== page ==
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kvond

Plotinus and the Degrees of Being Conception: Ennead V ii, 1

Ennead V ii, 1: On the Genesis and Order of Things Following The Proto

The Hen is all things
but not a single one [oudè hén];
for the arche of all things is not all things,
but in that particular way it is all things, that is to say thither
they run.
Rather, they do not yet exist,
but they will be.

How then does [it all] come out
of a Simple One which has in itself
no intricate appearance,
nor any kind of folds whatsoever?

It is because there is no-thing [oudèn] in itself
that through this out of itself come
all things,
that Being [tò òn] may be;

through this
he himself is not existing [ouk ón],
he, the progenitor of itself. But as such
this is the prime engendering.
Being complete,
to not seek, to not hold, to not need,
in some kind of overflowing,
and overplenteousness of itself
it has made [pepoíêken] another.

So the becoming to itself
is turned and filled,
born toward itself gazing, &
this is the Nous.
& the-standing-towards-that,
the Being of itself she made, as her view
towards itself is Nous.

As it stood towards itself, that it may see,
out of the same nous it becomes and Is.
This one
now being such as that one,
The likeness [tà hómoia] creates the potency [dúnamin],
pouring out the many
– and this image is of itself –
just as before

the prime of itself poured out.
& out of the substance [tês ousías] this energeia
Is the Soul, the becoming of that abiding
& so the Nous-of-the-abiding-before-itself
has become.
Yet not abiding she creates, but
Motioned she is born
a phantom [eídôlon].

However looking there, whence born,
she becomes full,
Advanced into another motion her contrary she engenders ,
a phantom of herself, sensation [aísthêsin],
the nature [phúsin] within natural things [en toîs phutoîs].

& not one thing before itself has been hung up, or cut off.
For this reason
it appears that the upper Soul comes
all the way into natural things.
For in any way she comes,
as if something of herself is in natural
things.

But surely not all of her is in natural things,
but her coming
into being [gignoménê] in natural things
is in this way,
as far & so much as she advanced downward,
into the sub-stasis [hupóstasis]
her other
creating in her going out

and her eagerness [prothumía] for
what’s worse.
Then that before this,
that coming right out of the Nous,
Allows the Nous to abide in itself.

[the Greek text, édition Kirchhoff]

Why Plotinus?

Some recent posts on panpsychism, Spinoza and the such had me returning to the Ur-panpsychist, as least as I read the history of the thought. It was Plotinus who helped structure the very influential, non-dualistic, Neo-Platonist Christian theology of Augustine, to some degree safeguarding from heresy the conception of an ontology of degrees of Being throughout the Medieval ages and the Renaissance. But Plotinus is dramatically under-read, especially in view of his pivotal, and quite influential position within the history of philosophy. Part of this problem has I believe been due to the translation of his work, his writings/lectures compiled and edited by his student Porphry, The Six Enneads. This is not to say that the translations are poor (there are several recent translations out after a historical dearth), but rather that for me they often still grasp at something in the text emphasizing the wrong, or at least importune, threads. They can either verbosely, or somewhat sterilely isolate the “concept” in the writing, and ignore the texture of it, the dexterity and one might say, the luminosity.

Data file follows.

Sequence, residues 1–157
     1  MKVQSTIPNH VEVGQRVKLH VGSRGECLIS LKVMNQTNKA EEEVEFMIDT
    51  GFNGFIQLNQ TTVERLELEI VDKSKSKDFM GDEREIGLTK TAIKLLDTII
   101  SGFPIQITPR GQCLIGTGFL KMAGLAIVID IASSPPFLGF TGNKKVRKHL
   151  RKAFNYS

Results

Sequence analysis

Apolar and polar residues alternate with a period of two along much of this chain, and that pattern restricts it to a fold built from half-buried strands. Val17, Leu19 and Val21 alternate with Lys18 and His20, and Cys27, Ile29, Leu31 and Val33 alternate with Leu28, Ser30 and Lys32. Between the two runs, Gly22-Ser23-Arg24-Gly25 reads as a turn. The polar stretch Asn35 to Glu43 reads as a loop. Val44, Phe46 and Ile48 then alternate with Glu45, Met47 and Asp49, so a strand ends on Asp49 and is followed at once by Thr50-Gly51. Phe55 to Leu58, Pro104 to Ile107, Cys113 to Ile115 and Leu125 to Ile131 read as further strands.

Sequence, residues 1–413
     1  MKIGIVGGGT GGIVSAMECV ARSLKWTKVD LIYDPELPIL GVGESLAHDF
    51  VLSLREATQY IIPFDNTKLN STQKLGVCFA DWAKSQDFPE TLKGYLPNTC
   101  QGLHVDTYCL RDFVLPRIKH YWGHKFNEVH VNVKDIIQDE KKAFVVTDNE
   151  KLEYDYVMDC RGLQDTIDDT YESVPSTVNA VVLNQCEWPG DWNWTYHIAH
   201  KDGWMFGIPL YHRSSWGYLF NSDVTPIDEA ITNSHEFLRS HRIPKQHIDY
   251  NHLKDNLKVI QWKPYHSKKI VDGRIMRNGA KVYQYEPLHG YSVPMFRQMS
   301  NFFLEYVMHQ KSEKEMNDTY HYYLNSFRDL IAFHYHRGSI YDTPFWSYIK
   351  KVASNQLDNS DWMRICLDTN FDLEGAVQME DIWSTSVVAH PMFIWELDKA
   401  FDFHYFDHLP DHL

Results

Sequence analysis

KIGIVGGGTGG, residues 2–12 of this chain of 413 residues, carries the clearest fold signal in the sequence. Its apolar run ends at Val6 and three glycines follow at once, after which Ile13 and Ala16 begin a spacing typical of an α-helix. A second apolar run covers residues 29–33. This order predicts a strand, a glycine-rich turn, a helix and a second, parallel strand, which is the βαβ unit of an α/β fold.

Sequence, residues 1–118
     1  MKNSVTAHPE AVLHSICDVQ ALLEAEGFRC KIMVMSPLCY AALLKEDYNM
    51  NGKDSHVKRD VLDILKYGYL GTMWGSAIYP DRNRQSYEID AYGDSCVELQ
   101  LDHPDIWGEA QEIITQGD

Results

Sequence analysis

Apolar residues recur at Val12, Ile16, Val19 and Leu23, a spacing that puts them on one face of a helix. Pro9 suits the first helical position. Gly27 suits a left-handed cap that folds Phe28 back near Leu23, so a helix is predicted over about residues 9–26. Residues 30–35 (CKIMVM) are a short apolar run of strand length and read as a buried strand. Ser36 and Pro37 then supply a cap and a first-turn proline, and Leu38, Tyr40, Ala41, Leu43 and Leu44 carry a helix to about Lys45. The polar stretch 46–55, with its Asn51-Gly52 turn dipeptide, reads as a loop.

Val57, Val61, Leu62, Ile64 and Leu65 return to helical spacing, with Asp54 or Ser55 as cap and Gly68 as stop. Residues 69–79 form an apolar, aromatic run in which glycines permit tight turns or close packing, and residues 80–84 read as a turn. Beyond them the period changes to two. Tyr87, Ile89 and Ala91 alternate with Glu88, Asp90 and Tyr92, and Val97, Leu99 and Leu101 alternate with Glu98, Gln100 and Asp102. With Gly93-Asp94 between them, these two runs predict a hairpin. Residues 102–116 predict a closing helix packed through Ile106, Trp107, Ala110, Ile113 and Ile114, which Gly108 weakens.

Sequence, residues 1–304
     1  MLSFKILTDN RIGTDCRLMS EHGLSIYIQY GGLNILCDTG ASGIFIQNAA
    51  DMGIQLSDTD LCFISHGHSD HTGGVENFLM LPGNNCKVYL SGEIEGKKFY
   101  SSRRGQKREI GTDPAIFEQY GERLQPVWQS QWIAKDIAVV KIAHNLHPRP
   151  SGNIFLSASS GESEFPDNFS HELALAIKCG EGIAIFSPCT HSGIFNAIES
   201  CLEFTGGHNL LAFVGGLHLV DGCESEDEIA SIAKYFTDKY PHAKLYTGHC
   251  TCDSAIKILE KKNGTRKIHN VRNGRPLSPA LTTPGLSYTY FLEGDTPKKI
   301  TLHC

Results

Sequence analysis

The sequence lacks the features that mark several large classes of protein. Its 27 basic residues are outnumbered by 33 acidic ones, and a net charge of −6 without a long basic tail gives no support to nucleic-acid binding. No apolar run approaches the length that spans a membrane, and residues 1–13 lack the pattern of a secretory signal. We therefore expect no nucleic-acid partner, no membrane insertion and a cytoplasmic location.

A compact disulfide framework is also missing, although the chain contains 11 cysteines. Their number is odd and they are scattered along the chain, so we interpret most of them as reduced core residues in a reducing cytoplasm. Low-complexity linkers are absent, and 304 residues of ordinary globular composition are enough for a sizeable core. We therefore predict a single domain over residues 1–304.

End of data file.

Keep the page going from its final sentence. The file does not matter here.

For those interested in the history of panpsychism the above is a translation of a passage that is quite important to many of the thinkers that follow. One may recognized immediately aspects of Hegel (reflexivity to the One), Spinoza (radiating degrees of causal dependence upon the One), and even Deleuze (that things that will be “runs through” the One) and Badiou (how Being is created via the Nous) in the framing of the emanation of Being from the Hen. I hope to discuss some of these in future posts, as they are quite intriguing. I present this passage precisely because, although the Enneads is quite long (more than a 1,000 pages in some editions), it may all really come down to this passage (and a few others). If one grasps this, one grasps a whole historical thread of though stretching nearly 2000 years to the present, a thread that has repeatedly dipped beneath the fabric which is has sewn, only to appear again.